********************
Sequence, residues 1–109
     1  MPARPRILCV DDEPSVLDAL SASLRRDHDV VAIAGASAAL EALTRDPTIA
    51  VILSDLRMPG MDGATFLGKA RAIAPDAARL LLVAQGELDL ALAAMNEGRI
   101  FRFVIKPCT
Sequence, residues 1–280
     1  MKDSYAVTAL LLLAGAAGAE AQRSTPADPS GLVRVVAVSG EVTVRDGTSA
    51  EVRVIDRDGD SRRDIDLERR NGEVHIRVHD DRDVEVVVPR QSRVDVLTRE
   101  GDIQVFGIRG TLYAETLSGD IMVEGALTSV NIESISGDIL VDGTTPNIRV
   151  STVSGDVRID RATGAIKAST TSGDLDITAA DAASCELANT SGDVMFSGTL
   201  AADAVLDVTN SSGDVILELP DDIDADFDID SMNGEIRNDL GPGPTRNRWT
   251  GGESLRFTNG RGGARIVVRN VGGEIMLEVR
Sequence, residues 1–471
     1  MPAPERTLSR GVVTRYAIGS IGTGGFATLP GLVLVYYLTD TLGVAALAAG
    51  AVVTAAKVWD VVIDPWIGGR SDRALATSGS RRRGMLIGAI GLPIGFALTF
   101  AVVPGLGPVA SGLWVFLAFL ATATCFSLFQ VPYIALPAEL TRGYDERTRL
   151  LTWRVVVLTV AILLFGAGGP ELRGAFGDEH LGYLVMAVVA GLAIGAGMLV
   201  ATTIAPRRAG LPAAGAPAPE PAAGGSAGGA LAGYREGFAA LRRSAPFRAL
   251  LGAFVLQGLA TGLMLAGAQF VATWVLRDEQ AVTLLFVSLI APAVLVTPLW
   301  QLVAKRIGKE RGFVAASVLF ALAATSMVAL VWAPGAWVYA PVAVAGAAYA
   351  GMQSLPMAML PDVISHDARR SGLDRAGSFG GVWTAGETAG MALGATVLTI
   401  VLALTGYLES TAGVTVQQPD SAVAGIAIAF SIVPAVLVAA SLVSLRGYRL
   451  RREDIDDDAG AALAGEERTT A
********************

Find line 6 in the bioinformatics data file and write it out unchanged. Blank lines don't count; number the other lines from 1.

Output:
     1  MKDSYAVTAL LLLAGAAGAE AQRSTPADPS GLVRVVAVSG EVTVRDGTSA